Groia ground down but defiant after Felderhof’s Bre-X trial – by Trish Saywell (Northern Miner – December 26, 2012)

The Northern Miner, first published in 1915, during the Cobalt Silver Rush, is considered Canada’s leading authority on the mining industry.

Early in 2012, the Law Society of Upper Canada convicted Toronto securities lawyer Joe Groia of “incivility” during his defense of John Felderhof against quasi-criminal charges laid by the Ontario Securities Commission of insider trading and issuing false or misleading information. (Felderhof was never charged with a criminal offence.) The geologist hired Groia in 1997, the trial began in 2000, and in 2007 Justice Peter Hyrn cleared Felderhof of all eight charges. Groia, who faces a four-month suspension and $250,000 in costs, recently sat down with The Northern Miner to discuss the Bre-X trial and its aftermath.

The Northern Miner: What are some of the points you’d like to make about the Bre-X case?

Joe Groia: John Felderhof’s case illustrates beyond any doubt that Bay Street convicts people — you’re guilty until proven innocent — and even then, it’s not altogether clear how you go about rehabilitating yourself.

TNM: Felderhof was called a pariah, and you were called a pariah for defending him.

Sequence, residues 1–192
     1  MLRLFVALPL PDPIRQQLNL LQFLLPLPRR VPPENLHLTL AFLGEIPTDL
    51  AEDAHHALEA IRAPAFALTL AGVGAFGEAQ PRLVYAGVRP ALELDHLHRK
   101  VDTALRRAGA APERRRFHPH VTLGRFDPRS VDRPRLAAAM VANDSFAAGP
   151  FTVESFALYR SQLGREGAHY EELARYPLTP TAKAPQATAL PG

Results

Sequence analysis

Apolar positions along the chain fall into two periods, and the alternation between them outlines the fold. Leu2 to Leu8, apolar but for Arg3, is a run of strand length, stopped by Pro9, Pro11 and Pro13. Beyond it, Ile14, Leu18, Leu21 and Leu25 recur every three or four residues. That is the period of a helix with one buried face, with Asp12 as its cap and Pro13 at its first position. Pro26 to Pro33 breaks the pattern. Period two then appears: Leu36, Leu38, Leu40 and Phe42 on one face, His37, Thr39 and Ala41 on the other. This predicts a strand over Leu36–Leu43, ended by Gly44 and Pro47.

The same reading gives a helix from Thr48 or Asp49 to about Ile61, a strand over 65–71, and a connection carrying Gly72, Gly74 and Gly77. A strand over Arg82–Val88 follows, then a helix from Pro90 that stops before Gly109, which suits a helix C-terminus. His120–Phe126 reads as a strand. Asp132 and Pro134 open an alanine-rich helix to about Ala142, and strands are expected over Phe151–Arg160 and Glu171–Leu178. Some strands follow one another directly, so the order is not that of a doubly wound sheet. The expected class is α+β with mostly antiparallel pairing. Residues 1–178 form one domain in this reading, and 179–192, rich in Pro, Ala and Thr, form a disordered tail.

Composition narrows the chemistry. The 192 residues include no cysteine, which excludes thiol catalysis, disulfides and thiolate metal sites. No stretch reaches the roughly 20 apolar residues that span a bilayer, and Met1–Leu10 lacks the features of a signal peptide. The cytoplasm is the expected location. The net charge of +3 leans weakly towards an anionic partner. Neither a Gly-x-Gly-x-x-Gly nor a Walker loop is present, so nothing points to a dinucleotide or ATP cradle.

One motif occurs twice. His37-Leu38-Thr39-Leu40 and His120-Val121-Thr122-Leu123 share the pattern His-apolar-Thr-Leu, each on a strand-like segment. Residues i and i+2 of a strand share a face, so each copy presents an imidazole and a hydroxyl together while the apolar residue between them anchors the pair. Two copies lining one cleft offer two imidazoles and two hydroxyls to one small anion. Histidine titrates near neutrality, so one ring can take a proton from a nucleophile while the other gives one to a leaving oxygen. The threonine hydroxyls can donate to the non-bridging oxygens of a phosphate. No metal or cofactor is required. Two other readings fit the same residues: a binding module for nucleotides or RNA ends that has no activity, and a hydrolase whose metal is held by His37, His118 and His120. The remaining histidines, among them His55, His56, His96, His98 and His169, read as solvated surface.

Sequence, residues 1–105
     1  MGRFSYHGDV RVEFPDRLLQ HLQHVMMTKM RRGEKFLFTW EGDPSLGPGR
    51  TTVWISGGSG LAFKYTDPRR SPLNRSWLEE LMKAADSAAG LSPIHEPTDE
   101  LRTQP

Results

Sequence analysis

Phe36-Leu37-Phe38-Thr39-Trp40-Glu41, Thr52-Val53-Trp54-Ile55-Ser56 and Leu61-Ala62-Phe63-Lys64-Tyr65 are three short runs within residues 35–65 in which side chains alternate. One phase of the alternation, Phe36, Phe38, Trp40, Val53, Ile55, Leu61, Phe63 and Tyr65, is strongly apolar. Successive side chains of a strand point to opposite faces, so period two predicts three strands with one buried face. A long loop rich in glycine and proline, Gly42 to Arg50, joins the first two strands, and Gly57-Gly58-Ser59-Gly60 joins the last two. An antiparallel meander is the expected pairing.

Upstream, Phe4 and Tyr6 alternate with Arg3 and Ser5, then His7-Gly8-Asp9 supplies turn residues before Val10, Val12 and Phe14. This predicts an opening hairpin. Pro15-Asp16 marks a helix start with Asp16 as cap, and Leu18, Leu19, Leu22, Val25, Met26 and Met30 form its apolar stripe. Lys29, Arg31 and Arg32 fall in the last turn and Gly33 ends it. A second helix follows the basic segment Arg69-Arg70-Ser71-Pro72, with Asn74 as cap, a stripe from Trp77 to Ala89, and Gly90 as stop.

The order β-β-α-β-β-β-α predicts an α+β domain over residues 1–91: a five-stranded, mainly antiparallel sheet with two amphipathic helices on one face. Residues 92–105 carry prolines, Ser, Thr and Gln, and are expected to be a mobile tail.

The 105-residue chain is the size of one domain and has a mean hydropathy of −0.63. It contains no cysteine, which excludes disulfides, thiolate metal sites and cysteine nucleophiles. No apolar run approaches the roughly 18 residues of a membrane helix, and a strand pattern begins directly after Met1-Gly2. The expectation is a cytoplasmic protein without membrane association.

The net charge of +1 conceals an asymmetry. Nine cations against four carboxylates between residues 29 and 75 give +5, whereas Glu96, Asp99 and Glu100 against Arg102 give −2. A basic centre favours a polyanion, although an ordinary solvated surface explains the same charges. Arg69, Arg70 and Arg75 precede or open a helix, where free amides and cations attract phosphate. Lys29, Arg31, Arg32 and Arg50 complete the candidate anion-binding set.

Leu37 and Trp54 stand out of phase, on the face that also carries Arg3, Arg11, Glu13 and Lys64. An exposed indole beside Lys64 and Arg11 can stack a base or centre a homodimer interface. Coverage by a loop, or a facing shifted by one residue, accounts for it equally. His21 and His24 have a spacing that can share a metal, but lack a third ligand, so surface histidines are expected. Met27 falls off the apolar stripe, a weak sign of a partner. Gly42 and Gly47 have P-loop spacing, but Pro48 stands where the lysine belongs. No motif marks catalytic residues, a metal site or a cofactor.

JG: The regulators needed to charge and convict someone, and John’s bad luck was that he was the last man standing, and therefore he was the fellow who faced the hurricane. For the 10 years of that trial, the attitude on Bay Street was: ‘Well, of course John is guilty. If he wasn’t guilty, why would he have been charged?’ I think the Ontario Securities Commission directly and indirectly did a lot of things that contributed to that mindset.

TNM: What disappoints you the most?

JG: John was acquitted on the merits, and there is a 600-page judgment that painstakingly goes through the evidence. But even as recently as a couple of weeks ago, a fairly senior lawyer in the mining industry who practices in the private sector and who claims to know a lot about the Bre-X case essentially said that it’s really too bad the judge got bamboozled by the defence team. Yet you read Justice Hyrn’s judgment, and it’s a textbook on due diligence and the work done by the Bre-X team.

TNM: Many people in the industry still believe he is guilty.

JG: It’s impossible to have a rational, sensible conversation with the naysayers out there, the people who want to believe John Felderhof is guilty. They don’t want to be bothered by the facts or the details.

TNM: Did you think the outcome of the acquittal would make a difference?

JG: I thought that if John was acquitted in the very strongest of language that people on Bay Street would say: ‘Maybe he was right.’ But it’s like spitting in the wind. It is extremely troubling, not just for John but for everyone who faces this kind of controversy, to think that they’ll be convicted in the court of public opinion just because they are charged, and even when they win, people won’t believe it. You would hope that a white-collar senior executive who gets acquitted would have a better chance of coming back to his old life than some criminal who gets convicted and sent to jail, and yet I think the sad reality is that Bay Street works at a standard that makes that almost impossible, and I think we all lose as a result.

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